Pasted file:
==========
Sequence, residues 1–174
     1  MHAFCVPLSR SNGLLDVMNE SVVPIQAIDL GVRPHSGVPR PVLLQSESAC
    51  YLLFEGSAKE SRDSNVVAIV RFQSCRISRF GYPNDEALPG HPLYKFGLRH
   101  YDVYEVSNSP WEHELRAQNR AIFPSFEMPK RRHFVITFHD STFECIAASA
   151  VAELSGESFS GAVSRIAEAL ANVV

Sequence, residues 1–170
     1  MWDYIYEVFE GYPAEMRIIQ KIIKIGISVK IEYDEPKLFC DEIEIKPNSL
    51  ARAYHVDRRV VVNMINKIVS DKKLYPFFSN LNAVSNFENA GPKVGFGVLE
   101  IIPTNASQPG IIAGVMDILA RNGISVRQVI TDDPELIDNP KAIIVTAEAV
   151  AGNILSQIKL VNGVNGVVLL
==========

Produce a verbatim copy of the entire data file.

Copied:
Sequence, residues 1–174
     1  MHAFCVPLSR SNGLLDVMNE SVVPIQAIDL GVRPHSGVPR PVLLQSESAC
    51  YLLFEGSAKE SRDSNVVAIV RFQSCRISRF GYPNDEALPG HPLYKFGLRH
   101  YDVYEVSNSP WEHELRAQNR AIFPSFEMPK RRHFVITFHD STFECIAASA
   151  VAELSGESFS GAVSRIAEAL ANVV

Sequence, residues 1–170
     1  MWDYIYEVFE GYPAEMRIIQ KIIKIGISVK IEYDEPKLFC DEIEIKPNSL
    51  ARAYHVDRRV VVNMINKIVS DKKLYPFFSN LNAVSNFENA GPKVGFGVLE
   101  IIPTNASQPG IIAGVMDILA RNGISVRQVI TDDPELIDNP KAIIVTAEAV
   151  AGNILSQIKL VNGVNGVVLL